PLANNING a trip to Florida? How are you going to go? By car or by air? For most travelers who live in the Northeast Corridor, those are the only alternatives usually considered.
Unless you're a masochist and want to go straight through, driving to Florida is a two-day trip. And since you've got to go through the same routine in the other direction on the way home, driving is hardly feasible if all you've got is a week or 10 days (though many people do it anyway for less than a two-week vacation to save money).
Flying is definitely quick, usually less than three hours from anywhere in the Northeast to any city in Florida, but it can be expensive -- especially for a family. And once you get there, you face the added cost of renting a car.
Well, there is a third alternative that can be both faster and easier than driving and, at the same time, less expensive than the combined cost of flying and renting a car.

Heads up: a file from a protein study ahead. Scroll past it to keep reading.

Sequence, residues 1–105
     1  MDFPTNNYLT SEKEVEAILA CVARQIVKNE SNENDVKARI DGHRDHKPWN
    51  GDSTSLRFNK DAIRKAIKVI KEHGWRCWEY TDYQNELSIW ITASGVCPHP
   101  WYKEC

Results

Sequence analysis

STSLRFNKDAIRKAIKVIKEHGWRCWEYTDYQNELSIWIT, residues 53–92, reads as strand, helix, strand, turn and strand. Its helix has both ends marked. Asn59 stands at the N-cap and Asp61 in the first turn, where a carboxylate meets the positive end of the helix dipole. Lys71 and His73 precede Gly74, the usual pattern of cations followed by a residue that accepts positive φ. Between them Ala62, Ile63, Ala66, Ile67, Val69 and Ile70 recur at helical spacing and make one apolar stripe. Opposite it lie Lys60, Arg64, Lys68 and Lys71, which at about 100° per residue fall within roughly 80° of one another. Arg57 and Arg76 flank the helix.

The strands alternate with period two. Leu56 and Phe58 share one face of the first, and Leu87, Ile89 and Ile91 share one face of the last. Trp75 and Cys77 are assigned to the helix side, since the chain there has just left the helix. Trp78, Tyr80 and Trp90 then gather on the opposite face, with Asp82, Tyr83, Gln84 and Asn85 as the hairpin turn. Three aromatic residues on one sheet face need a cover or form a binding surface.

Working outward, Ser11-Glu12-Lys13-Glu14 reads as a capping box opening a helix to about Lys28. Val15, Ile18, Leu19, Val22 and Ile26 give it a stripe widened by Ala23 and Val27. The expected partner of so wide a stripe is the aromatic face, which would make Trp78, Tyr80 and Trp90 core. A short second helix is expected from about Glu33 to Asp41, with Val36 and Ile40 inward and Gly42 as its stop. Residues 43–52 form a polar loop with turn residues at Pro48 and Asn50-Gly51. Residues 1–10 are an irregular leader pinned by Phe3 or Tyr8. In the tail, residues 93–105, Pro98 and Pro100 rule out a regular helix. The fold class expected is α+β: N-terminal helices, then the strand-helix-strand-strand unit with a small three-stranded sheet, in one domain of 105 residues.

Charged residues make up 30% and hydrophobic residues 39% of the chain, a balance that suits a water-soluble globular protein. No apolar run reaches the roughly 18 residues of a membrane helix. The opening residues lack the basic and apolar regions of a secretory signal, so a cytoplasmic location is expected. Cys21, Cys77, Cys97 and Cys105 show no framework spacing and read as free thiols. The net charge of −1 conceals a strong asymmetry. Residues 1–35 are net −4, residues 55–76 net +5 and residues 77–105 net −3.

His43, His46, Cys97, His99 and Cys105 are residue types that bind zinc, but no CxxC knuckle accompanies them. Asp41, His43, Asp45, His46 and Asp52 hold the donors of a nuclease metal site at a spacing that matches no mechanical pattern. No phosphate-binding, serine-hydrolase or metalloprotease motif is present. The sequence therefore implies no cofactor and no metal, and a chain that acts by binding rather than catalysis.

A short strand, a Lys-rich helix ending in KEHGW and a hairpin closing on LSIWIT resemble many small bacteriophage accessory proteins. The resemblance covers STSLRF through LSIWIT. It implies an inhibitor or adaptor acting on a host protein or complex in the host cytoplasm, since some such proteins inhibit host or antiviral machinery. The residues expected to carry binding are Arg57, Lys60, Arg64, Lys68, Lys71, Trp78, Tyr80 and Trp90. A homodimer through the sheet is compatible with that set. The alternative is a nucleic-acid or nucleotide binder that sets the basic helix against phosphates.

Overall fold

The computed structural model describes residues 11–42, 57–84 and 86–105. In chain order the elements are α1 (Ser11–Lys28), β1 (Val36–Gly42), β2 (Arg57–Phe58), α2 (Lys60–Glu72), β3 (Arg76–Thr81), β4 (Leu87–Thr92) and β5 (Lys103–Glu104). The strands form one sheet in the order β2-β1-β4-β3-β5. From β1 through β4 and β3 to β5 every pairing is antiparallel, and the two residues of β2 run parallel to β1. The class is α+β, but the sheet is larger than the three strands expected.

It is called the Auto-Train and it is just what its name implies. It is a train that transports both you and your car over the roughly 900 miles between Lorton, Va., and Sanford, Fla. (The Lorton terminal is located six miles south of Washington's Capital Beltway, just off Interstate 95. Sanford is roughly halfway between Orlando and Daytona Beach.)
Now in its ninth year of operation, this privately owned corporation operates daily trains, both northbound and southbound, between its own terminals. Either way, trains are scheduled to depart at 4 p.m. and arrive at 9 a.m. the next day.
That figures out to 17 hours of traveling and that's about what it is, regardless of when the Auto-Train actually gets under way. On a recent excursion, it was 30 minutes late laving Lorton and 35 minutes late arriving in Sanford. (There have been, however, reports of delays of 90 minutes and more in departure and arrival times.)